Growing grains: a guide to urban gardening on a budget
Being a success at gardening doesn't depend on a "green thumb" so much as being realistic about the amount of time, money, and effort you can devote to your plants. Whether one mushroom or an entire field, here's a handy guide for budding growers.
A short scroll on Instagram reveals that millions of people turned to gardening during the pandemic as an outlet for stress. Just having a bit of green around you can be calming, and there is a certain pride in being able to serve a meal and say, "I grew that myself".
But before you head off to Home Depot, start first by outlining some realistic expectations as well as your circumstances. If you're in a shared apartment without a balcony, you're not out of luck, you just need to admit that your crop is probably going to consist more of herbs, cherry tomatoes, or mushrooms that can grow in a windowsill than a field-grown bushel of potatoes.
You can find tons of nifty kits online for growing plants indoors, but the cost of the special stacked trays, lights, and soil does add up. Cheaper alternatives include up-cycling well-cleaned food containers, using a desk-lamp when the sun isn't out, and creating your own compost mixture from food scraps to add to soil.
Coconut soil is also a fabulous option when you don't want to lug a bag of potting mixture up to your apartment as it comes in compact, dried blocks that expands when you add water.
Think about what you actually like to eat
Secondly, consider which flavors you enjoy and in what amounts. How often do you expect to cook with basil? Does the taste of coriander make you gag? Only plan to grow things that you'd find most useful in your kitchen.
A great plant to start with is mint as it's easy-to-grow and is tasty in teas, soups, and sauces. Other plants such as mushrooms can grow very fast, so decide for yourself if you can realistically consume your crop, or need to offer extra to neighbors.
Once you've decided on what you'd like to grow and established the right growing conditions, the local online gardening group should be your next stop. People are often willing to swap seeds and cuttings, as well as advice on how to address issues like over-watering, insect guests, and avoiding rot.
Beginners can get a lot of time-tested wisdom when they post their questions. One Facebook group, House Plant Hobbyist, grew so much during the pandemic that the platform featured it in TV ads. Additionally, there are countless gardening apps available that can do everything from identifying plants from photos, to scheduling watering for each plant type.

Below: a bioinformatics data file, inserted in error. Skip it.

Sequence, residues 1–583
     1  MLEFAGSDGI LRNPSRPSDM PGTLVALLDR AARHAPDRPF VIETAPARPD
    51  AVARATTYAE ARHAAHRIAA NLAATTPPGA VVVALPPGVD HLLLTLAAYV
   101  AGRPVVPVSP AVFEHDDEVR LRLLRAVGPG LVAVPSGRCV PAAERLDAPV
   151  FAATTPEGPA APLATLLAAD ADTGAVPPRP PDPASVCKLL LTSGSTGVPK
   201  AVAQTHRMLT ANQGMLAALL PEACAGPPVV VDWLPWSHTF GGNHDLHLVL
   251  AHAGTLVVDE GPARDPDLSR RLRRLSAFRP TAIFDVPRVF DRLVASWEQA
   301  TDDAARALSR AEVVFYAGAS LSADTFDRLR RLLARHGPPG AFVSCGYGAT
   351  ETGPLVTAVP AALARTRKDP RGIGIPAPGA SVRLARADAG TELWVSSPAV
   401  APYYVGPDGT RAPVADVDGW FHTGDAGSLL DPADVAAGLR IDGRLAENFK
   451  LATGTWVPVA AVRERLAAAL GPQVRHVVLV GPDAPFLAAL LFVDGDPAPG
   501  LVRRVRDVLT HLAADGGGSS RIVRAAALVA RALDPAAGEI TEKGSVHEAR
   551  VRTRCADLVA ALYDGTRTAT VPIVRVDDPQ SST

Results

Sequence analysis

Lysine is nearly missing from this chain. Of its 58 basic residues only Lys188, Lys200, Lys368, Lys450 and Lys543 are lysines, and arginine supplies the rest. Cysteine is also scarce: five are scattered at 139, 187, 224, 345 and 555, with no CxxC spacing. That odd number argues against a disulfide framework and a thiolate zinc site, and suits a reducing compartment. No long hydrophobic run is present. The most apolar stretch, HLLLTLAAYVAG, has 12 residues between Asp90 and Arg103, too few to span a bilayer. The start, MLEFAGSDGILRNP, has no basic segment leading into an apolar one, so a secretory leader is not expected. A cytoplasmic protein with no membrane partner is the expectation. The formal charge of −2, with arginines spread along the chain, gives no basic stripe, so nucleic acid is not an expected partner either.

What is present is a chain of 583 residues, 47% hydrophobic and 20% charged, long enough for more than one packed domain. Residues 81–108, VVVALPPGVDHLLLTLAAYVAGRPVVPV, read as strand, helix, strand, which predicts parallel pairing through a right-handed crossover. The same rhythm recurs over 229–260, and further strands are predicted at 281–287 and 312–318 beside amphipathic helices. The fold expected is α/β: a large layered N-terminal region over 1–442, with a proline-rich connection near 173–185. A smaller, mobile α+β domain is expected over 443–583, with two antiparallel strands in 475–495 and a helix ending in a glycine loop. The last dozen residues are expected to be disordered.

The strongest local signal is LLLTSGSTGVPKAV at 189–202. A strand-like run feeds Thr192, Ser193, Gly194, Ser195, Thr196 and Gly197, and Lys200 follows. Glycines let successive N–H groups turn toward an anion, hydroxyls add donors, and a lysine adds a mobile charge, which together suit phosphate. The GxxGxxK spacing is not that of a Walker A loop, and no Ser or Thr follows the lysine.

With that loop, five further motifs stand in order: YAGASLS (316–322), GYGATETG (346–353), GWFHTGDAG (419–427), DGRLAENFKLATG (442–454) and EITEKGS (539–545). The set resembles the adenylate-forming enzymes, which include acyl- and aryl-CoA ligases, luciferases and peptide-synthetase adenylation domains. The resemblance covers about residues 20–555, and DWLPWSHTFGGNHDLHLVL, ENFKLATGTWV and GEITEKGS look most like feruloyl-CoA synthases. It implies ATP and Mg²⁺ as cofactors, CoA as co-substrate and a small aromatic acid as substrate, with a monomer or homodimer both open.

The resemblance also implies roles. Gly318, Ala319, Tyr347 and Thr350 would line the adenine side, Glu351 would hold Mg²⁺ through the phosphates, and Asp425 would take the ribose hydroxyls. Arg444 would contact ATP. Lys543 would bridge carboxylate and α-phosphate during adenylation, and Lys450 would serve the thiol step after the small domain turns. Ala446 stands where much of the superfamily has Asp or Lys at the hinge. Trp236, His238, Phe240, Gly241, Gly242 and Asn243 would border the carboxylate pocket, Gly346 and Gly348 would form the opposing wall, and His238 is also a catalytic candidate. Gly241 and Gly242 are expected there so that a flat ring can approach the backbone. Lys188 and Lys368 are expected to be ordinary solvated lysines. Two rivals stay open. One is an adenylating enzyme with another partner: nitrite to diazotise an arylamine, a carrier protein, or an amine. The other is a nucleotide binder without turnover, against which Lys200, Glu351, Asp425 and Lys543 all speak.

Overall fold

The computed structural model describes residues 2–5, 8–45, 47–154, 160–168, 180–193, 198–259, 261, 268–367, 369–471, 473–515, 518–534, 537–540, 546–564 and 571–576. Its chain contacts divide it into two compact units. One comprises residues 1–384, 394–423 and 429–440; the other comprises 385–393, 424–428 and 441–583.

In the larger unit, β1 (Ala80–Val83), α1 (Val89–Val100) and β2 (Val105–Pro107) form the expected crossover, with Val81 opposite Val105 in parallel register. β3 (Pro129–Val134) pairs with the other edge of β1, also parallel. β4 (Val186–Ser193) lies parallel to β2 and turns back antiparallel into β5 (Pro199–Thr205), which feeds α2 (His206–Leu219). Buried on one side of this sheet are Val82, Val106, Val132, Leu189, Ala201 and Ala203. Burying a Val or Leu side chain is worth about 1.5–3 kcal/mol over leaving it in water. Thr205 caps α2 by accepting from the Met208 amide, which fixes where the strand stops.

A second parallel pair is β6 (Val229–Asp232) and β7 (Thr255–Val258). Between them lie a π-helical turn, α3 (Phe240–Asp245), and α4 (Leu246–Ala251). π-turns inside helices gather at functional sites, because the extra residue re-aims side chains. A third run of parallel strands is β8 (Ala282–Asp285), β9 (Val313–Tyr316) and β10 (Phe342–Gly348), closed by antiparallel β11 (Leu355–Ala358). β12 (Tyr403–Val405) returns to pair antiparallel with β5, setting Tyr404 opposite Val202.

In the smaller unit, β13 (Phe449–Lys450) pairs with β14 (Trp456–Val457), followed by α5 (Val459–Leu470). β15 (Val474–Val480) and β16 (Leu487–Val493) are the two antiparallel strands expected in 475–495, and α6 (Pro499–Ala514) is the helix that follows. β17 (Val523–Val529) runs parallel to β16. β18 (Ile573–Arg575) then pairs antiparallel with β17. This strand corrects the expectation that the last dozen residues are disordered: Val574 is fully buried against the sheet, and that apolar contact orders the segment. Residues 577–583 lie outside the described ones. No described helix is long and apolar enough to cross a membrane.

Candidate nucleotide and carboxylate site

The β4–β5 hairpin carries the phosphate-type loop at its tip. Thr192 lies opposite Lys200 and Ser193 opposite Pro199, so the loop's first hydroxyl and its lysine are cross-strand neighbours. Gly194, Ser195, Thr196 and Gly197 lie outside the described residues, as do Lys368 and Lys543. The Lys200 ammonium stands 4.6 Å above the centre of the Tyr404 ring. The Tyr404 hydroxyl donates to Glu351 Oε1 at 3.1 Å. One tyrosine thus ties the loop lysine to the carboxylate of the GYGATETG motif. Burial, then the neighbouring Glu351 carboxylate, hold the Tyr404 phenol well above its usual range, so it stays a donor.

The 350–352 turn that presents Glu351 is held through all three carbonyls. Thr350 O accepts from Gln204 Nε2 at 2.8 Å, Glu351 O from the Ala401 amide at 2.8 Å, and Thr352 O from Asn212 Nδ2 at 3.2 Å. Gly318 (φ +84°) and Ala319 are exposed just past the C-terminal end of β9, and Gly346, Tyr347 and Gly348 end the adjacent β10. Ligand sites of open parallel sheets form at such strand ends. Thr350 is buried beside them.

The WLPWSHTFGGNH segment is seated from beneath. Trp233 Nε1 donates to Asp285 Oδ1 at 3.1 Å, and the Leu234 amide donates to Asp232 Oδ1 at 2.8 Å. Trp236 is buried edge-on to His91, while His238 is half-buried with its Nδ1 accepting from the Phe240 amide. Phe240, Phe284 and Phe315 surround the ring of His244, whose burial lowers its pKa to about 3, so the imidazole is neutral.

Before you start, one thing to remember is that not all seeds from supermarket produce can be planted. Look out for "heirloom" variety vegetables when you're next at the grocery store, as seeds from these can be planted over and over again.
A few other considerations
If you have house pets, do a little research first to make sure that none of your herbs or plants are potentially toxic. Some may be particularly attractive to animals, and might not be the right fit for your home if you don't want your cat constantly trying to chew up your windowsill garden.
Is your schedule unpredictable and you're unsure that your plants can be regularly watered and cared for? You might be better suited to raising and propagating succulents.
Succulents aren't just cacti, but include stunning colors and intriguing shapes such as "string of dolphins". They generally require infrequent watering and very minimal care. There are thousands of gorgeous succulent varieties to match any taste or decor.
And, if after careful consideration, you've decided that you just don't want to be responsible for any kind of growing thing, you might consider starting a tiny public fairy garden, as one family did, by placing a tiny door on a local tree and posting an invite for neighbors to add treasures.
Cover photo: 123RF/lightfieldstudios